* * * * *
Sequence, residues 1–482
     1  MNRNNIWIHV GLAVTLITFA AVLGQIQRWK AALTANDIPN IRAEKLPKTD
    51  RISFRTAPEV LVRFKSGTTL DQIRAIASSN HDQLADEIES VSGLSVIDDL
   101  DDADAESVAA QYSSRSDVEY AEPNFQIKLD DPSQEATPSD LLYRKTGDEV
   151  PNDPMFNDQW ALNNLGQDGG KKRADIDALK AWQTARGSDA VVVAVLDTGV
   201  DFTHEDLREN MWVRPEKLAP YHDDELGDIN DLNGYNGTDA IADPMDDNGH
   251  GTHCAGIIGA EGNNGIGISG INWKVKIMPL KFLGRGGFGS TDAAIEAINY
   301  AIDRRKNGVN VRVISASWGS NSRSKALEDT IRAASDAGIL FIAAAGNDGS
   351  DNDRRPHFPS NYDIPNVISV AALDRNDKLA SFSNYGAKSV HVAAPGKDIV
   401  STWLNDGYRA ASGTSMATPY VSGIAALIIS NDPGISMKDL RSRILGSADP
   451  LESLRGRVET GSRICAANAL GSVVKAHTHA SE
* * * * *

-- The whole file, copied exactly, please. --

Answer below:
Sequence, residues 1–482
     1  MNRNNIWIHV GLAVTLITFA AVLGQIQRWK AALTANDIPN IRAEKLPKTD
    51  RISFRTAPEV LVRFKSGTTL DQIRAIASSN HDQLADEIES VSGLSVIDDL
   101  DDADAESVAA QYSSRSDVEY AEPNFQIKLD DPSQEATPSD LLYRKTGDEV
   151  PNDPMFNDQW ALNNLGQDGG KKRADIDALK AWQTARGSDA VVVAVLDTGV
   201  DFTHEDLREN MWVRPEKLAP YHDDELGDIN DLNGYNGTDA IADPMDDNGH
   251  GTHCAGIIGA EGNNGIGISG INWKVKIMPL KFLGRGGFGS TDAAIEAINY
   301  AIDRRKNGVN VRVISASWGS NSRSKALEDT IRAASDAGIL FIAAAGNDGS
   351  DNDRRPHFPS NYDIPNVISV AALDRNDKLA SFSNYGAKSV HVAAPGKDIV
   401  STWLNDGYRA ASGTSMATPY VSGIAALIIS NDPGISMKDL RSRILGSADP
   451  LESLRGRVET GSRICAANAL GSVVKAHTHA SE